Today, after enjoying a summer-style lunch at DeVoe's Rainbow Orchard with our besties, Chuck and Ann Marie, John and I headed to the Vischer Ferry Nature Preserve to walk off our pistacio ice cream cones.   You can't get better ice cream for a great price anywhere and I'll be honest, I'm pretty sure I didn't walk enough to negate the calories of my baby-sized cone.  But the weather was ridiculously wonderful and we did have a nice chat with some professionally equipped bird watchers.  The Preserve is really lovely in the spring!

This of my favorites!!

Look closely and find all the sunbathing turtles...

Mama on her nest!

It's a turtle retreat.......

And since blue is beautiful beyond the's a little more blue to brighten your day!

Now if I could just convince these beauties to take up residence in the nifty bluebird house we put up....C'mon birdies, you know you won't get a better meal anywhere! I hope you got a chance to enjoy this string of great and overdue spring weather. I hear we've got one more just like it coming tomorrow. I'll take it and enjoy it and maybe even share it here on the blog.  If you want to see more posts featuring the Preserve or Grafton Lakes State Park, just check out my Directory under the category, New York.   You can find many more backyard bird posts under the Animal Friends category!  Thanks for stopping by. I hope you come back soon for more Life As I See It.

Part II -Do You See the World In Color or Maybe A More Monochromatic View?

Monday, April 16, 2018
So....after looking at the photos in my previous post....have you figured out yet if you see the world in color or black and white?  I'm imagining some of you are thinking I've lost my marbles because even if you're color blind, you still see in color, right?  So how can I ask if you see the world in monochrome?  Well, don't worry....I'll explain.....right after you look at the color version of the photos from yesterday's blog post.
Is this not the most beautiful scene?

Look close and you'll see a cemetery at the top of the hill.
This one was actually a different day.
So, what do you think?  Do you like the color better or the black and white?  Hard to choose for me because they're both pleasing in their own way.  For me, the color photos are warm and inviting, bright and happy.   The monochromatic ones are dramatic and bold, sometimes sad and dark.  They make a statement, but have an artistic feeling rather than an inviting message.  So what does all this have to do with how we see the world around us?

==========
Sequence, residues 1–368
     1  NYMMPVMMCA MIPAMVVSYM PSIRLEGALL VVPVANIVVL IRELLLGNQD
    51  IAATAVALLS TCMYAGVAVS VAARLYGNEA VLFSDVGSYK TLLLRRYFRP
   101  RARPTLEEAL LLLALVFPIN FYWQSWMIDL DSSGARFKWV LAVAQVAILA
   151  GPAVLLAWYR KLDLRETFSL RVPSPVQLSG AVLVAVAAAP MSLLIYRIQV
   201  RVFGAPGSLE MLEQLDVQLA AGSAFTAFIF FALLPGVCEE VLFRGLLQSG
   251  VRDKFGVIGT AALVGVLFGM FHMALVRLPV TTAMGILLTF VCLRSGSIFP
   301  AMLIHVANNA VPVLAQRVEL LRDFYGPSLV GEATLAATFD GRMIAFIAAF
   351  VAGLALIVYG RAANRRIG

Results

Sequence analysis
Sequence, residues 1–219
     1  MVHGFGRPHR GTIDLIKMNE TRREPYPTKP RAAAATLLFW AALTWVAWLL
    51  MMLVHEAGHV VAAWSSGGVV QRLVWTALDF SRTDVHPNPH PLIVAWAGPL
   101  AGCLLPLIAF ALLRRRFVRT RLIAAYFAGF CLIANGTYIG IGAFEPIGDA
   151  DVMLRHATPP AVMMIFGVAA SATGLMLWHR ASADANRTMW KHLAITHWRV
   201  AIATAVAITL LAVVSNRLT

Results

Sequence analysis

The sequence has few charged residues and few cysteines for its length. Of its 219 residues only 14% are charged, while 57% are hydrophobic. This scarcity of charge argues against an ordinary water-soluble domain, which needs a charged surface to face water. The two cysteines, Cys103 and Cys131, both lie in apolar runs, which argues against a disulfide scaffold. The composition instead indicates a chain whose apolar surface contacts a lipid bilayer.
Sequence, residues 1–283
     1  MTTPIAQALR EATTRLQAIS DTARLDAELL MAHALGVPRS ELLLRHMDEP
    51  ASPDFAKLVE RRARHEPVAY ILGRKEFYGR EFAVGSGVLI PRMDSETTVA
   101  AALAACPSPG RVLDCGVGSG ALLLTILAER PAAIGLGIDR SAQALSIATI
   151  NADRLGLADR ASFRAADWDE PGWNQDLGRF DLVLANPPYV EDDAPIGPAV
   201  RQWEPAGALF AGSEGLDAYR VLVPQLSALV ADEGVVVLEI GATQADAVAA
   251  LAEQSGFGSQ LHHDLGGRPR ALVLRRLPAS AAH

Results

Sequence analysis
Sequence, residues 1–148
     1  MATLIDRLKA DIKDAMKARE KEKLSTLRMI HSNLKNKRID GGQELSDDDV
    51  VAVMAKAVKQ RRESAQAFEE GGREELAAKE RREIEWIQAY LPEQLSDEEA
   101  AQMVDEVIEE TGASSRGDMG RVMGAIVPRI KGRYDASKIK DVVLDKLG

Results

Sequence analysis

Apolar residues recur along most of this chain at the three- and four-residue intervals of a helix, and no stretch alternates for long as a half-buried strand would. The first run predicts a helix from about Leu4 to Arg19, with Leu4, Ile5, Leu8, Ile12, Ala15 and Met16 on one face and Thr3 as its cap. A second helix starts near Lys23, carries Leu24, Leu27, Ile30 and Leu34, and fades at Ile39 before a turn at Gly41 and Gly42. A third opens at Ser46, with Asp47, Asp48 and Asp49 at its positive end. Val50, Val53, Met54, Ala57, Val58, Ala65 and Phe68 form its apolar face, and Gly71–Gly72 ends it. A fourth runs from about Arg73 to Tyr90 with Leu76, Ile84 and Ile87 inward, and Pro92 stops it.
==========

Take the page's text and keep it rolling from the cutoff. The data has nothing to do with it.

Have you ever noticed that some people seem to always view the world and their circumstances in the worst possible light?  These people are unable to see past their troubles to see their blessings.  Sometimes the people who view the world in the darkest light are not necessarily as hopeless or troubled as they believe and consequently portray.  Sometimes they're just negative, unhappy people.  On the flip side of that theory, sometimes the people living in the most dire of circumstances, the worst chronic pain, or the most difficult challenges are often the people we meet who are the most optimistic and cheerful.  I think that sometimes how we feel about our life directly affects and alters how we see the world around us.  It clouds our ability to see things in a positive light, and fills our view with shadows and darkness.  Of these two road....which one do you feel would be more appealing to travel on?

Have you ever seen the quote that says, 'Don't make a bad day make you believe you have a bad life'?  If you think about that for a minute, you'll probably realize that we all fall into that trap on occasion.  We have a bad day, a day where it seems nothing is going right.  It feels like the world is against us and Murphy's Law is in full effect.  Unless we're careful, we get caught in the web of our despair and suddenly find ourselves sitting proudly on our pity potty full of a hefty dose of 'Woe is Me'.  We are so overwhelmed by our temporary circumstances, we find ourselves viewing life through dark glasses, unable to find any ray of light - or hope.  Suddenly we're viewing everything in dark, dull, monochrome.  For most of us, that is a temporary state.  We wake up the next day and approach the new day with fresh eyes and a better outlook.  For others, each day begins and ends the same...shaded with darkness because they legitimately can't find that ray of hope or they are just so accustomed to living in the shadows, they don't even realize that life can look any different.  How we feel on the inside directly impacts how we see the world around us.  It's so important that we realize that and take control over our inner voice, our demons, and remove our dark glasses so  that we can view the world in color.  When we view the world with optimism, even the most worn out structures, the most barren landscapes become beautiful and appealing.

How we see ourselves influences how we see the world.
    -Gail Lynne Goodwin
The way we choose to see the world creates the world we see.
-Barry Neil Kaufman